Lawrence Malstaf

Lawrence Malstaf / Galerie Fortlaan 17 /

The work of Lawrence Malstaf can be situated on the borderline between the visual and the theatrical. After having studied industrial design, Lawrence Malstaf starts of in theatre. He designs scenographies for choreographers and directors as Benoît Lachambre, Meg Stuart and Kirsten Delholm. Soon he develops more into installation and performance-art with a strong focus on movement, coincidence, order and chaos. In 2000 he makes a series of sensorial rooms for individual visitors (Nemo Observatorium, Mirror, Pericope/Horizon Machine). Later he creates larger mobile environments dealing with space and orientation often using the visitor as a co-actor (Orbit, Nevel, Compass, Boreas, Transporter). His projects often involve advanced technology as a point of departure or inspiration but also to activate the installations. Lawrence Malstaf is exhibiting internationally and in 2008 he wins the Witteveen + Bos – prize for Art + Technology (NL), in 2009 he receives the Golden Nica at Prix Ars Electronica (A) an in 2010 he is the winner of the Excellence Prize at The 13th Japan Media Arts Festival in Tokyo (JP).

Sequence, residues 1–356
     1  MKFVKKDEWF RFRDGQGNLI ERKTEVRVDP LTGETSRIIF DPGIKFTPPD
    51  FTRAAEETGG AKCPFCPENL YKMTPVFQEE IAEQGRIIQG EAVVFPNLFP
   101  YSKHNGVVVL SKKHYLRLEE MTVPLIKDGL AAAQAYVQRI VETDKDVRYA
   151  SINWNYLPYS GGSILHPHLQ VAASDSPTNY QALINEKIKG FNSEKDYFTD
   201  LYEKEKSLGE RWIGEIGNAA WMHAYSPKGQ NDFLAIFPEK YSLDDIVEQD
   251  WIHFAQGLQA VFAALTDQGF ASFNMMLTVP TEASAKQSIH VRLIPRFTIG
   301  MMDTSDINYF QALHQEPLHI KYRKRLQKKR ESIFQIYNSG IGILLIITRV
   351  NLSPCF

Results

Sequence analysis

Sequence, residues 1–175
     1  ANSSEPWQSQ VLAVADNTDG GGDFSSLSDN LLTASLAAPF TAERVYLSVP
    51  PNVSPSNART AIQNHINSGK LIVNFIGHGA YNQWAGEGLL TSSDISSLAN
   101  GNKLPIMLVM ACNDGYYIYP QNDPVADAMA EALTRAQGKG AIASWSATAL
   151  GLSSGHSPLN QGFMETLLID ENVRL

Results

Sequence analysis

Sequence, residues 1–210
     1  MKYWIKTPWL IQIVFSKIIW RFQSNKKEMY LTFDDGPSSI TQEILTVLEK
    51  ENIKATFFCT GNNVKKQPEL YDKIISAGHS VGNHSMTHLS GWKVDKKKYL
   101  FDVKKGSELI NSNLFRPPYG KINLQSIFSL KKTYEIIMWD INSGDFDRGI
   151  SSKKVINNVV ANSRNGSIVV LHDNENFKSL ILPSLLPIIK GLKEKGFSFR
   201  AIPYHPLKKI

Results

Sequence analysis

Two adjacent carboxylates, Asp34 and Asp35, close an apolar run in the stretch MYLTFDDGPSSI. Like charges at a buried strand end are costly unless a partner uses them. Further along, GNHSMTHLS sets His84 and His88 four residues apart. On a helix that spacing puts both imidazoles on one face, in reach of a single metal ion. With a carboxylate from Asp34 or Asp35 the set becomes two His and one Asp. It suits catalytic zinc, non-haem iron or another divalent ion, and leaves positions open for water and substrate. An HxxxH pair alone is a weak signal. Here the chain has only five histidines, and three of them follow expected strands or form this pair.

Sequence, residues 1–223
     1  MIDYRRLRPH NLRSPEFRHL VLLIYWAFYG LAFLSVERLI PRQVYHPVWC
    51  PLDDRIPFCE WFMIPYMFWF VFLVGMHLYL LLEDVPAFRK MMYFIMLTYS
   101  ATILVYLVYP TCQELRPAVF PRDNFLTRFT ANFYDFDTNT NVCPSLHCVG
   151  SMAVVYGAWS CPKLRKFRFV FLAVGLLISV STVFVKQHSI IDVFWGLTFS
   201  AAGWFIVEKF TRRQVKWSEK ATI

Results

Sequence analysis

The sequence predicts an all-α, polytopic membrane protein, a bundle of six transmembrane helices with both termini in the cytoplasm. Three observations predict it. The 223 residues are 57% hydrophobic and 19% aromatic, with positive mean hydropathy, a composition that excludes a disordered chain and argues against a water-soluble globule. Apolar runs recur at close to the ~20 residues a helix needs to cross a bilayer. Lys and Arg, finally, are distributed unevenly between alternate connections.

via Lawrence Malstaf / Galerie Fortlaan 17 /.

Radical Autonomy @ Netwerk, Aalst

More and more art is supposed to serve a(n) (art)theoretical or a political discourse, to cause an effect, to ‘do something’. Radical Autonomy counters this tendency by showing that art is capable of proposing an alternative and possibly better society, precisely because of its autonomous position. The participating artists share a conceptual approach and a minimalist design, while influenced by conceptual art, Fluxus and Zero. Their works are a radically autonomous: they are intimate, condensed, referring to themselves and force the beholder to focus.

via Netwerk

The Colors of Black & White by Gábor Ősz

The basic idea for this project came from my earlier work based on the principle of camera obscura. Similarly to transparency, the Ciba chrome paper produces a direct, positive picture in color. By contrast, the direct exposure of black-and-white photographic paper yields a negative image. On black-and-white paper the only way to circumvent this and to make sure that the resulting picture is in positive, reality should be transformed to negative.

Gábor Ősz.